The lure of playing for something has always been an insatiable sensation.
When you finally achieve it, the feeling never really goes away. In fact, you want it more — this is the case since childhood.
Minnesota Duluth started its 2017-18 season with injuries to key players, but when so early on, it’s sometimes overlooked as they return and bring promise. It’s never a sure thing to become a national champion, but to get there you will surely need a spark from time to time.
UMD could not find their moment at the NCHC Frozen Faceoff. The season felt like it had reached its limits after suffering losses to Denver and North Dakota. The ECAC and Hockey East titles were being claimed only to Duluth’s dismay. Any illusions of an NCAA tournament berth quickly evaporated.
That is, of course, if you’re not relying on .0001 of a margin to get you into the national tournament.
“I think the way we got in was a spark for our team,” UMD coach Scott Sandelin said. “It was dramatic, and I think the guys really appreciate the opportunity they got because that’s how hard it is sometimes.”
The most unlikely of scenarios needed to happen for the Bulldogs to grace national tourney ice. Many at-large bids were at the root of the drama and on the other side stood Minnesota hoping it wouldn’t be UMD — the final at-large bid was up for grabs.
Denver, Michigan Tech, Air Force and Notre Dame needed to win conference titles in order for .0001 of a point in the RPI to boost the Bulldogs in. The Bulldogs found a glimmer of hope from such an uncommon situation.
“It’s amazing when sometimes you get that second life,” Sandelin said. “That’s kind of how it felt even though in most normal years, it probably wasn’t that way. The rollercoaster of emotions maybe helped us get focused a little faster.”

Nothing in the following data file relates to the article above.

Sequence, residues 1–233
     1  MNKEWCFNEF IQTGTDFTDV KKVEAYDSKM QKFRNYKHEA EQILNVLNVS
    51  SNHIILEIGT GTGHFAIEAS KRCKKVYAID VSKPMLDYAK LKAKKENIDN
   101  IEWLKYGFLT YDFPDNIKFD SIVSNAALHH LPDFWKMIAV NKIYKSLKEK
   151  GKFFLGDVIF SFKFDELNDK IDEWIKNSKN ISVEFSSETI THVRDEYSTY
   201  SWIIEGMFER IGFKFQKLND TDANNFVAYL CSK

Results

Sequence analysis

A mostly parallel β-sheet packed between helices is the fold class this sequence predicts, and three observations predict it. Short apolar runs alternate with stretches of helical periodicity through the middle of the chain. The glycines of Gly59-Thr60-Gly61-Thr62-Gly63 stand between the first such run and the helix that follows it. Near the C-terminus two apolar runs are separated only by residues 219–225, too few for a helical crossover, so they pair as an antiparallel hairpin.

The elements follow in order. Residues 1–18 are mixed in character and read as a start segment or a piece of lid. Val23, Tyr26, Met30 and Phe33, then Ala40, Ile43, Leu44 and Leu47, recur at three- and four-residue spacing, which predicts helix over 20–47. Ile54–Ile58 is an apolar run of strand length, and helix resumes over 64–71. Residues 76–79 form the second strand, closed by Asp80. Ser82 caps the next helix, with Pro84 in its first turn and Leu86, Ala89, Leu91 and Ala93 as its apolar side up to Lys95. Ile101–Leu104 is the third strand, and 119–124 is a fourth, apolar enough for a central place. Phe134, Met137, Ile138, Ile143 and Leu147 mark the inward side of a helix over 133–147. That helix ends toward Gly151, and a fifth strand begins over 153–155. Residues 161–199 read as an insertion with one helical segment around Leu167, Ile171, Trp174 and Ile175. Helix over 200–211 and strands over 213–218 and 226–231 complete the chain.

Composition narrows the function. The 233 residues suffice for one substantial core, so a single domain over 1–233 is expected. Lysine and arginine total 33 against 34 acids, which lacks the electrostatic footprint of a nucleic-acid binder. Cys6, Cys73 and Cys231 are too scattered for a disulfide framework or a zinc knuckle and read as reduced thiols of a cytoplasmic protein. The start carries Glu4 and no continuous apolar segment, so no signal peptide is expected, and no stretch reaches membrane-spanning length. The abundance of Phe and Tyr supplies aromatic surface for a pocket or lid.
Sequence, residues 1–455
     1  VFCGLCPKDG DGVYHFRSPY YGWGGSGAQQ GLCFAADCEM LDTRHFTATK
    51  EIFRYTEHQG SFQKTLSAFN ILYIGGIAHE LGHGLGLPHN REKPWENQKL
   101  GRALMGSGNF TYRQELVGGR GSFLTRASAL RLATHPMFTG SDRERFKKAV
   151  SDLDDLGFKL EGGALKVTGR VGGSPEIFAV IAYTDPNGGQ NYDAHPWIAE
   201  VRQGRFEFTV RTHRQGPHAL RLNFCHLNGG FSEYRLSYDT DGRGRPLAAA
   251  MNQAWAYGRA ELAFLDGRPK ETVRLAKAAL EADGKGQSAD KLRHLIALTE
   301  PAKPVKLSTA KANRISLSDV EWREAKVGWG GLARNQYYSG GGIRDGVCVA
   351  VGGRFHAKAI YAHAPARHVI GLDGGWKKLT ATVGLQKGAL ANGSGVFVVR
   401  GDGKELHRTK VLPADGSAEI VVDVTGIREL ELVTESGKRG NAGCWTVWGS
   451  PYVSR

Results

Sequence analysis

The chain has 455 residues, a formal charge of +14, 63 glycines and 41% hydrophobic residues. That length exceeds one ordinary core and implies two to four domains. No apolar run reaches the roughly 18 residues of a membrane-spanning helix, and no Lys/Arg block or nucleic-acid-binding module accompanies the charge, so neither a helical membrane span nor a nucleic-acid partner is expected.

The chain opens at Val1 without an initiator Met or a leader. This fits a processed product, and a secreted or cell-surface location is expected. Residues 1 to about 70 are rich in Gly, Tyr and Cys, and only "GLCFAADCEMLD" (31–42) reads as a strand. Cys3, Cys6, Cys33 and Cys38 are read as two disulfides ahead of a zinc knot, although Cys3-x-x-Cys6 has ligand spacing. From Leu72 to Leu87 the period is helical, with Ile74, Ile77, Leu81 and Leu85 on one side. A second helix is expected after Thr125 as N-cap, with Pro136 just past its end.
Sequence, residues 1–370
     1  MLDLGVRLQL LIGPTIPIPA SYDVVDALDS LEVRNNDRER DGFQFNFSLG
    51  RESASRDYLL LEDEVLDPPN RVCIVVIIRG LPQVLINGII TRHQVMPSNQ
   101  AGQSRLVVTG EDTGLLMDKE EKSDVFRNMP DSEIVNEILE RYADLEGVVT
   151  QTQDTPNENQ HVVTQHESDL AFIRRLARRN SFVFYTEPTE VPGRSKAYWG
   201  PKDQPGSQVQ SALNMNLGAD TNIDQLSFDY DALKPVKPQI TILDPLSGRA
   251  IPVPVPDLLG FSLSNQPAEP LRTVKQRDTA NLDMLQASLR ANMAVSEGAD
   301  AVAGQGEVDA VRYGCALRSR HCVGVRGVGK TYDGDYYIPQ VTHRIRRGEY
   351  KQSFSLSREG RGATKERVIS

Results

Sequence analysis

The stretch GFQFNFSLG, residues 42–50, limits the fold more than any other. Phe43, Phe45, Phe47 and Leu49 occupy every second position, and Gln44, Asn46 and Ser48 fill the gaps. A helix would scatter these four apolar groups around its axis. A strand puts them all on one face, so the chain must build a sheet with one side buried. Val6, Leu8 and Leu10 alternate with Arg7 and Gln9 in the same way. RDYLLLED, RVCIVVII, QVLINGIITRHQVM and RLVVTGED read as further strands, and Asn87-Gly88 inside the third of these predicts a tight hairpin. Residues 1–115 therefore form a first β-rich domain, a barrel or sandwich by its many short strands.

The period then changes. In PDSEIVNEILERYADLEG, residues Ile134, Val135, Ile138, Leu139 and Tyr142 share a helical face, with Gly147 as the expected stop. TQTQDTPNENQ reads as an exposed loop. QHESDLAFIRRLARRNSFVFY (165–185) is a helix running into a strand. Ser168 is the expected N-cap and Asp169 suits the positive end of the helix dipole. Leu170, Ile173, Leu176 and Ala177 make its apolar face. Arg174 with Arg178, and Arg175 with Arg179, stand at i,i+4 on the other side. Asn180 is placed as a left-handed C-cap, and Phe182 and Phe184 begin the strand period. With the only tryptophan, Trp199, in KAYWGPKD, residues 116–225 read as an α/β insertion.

Insatiable as it may be, you always want another crack at the opportunity exactly the way UMD is getting for the national championship. In beating both Minnesota State and holding off Air Force at the West regionals, they are returning to the site of their greatest triumph and second straight Frozen Four appearance.
UMD won the 2011 Frozen Four at the Xcel Energy Center in St. Paul, Minn., against a potential foe this year, Michigan. The Bulldogs beat Notre Dame in the national semifinal matchup. The feeling resonates deep and nobody else embodies UMD hockey more than Sandelin himself.
Along the weekend, Sandelin coached to his 723rd game behind the Bulldogs’ bench — equivalent to 18 seasons of hard work. Sandelin is only behind Enrico Blasi in the NCHC, who capped off 19 seasons total with Miami this past year.
In 2011, Sandelin coached UMD to the program’s first national championship. The club has had consistent NCAA tournament appearances since capturing the crown. A promising season to be last spring ended in heartbreak, falling to Denver in the Frozen Four final in Chicago.
With Denver being stunned by Ohio State in the Midwest regional final, the road seems less bumpy for UMD, who fell to Denver in all five meetings this season.
For the tandem of Karson Kuhlman and Jared Thomas, they are skating in their fourth consecutive NCAA tournament and are the only two with such distinction in their program’s history.
“We got veteran guys like (Karson) Kuhlman who’s out there and puts his heart on a sleeve,” UMD forward Joey Anderson said. “He sets an example for everyone. Guys just follow him [and] you can’t just watch a guy like that and not give it your all. It’s infectious in the locker room.”
UMD was picked to finish fourth in the preseason poll and now, the NCHC’s only representative among a trio of Big Ten schools racing to be crowned college hockey’s best. Rankings at this point are only aesthetic with the talent and parity being so real.
One thing is certain — the Bulldogs are two wins away from making the most of .0001.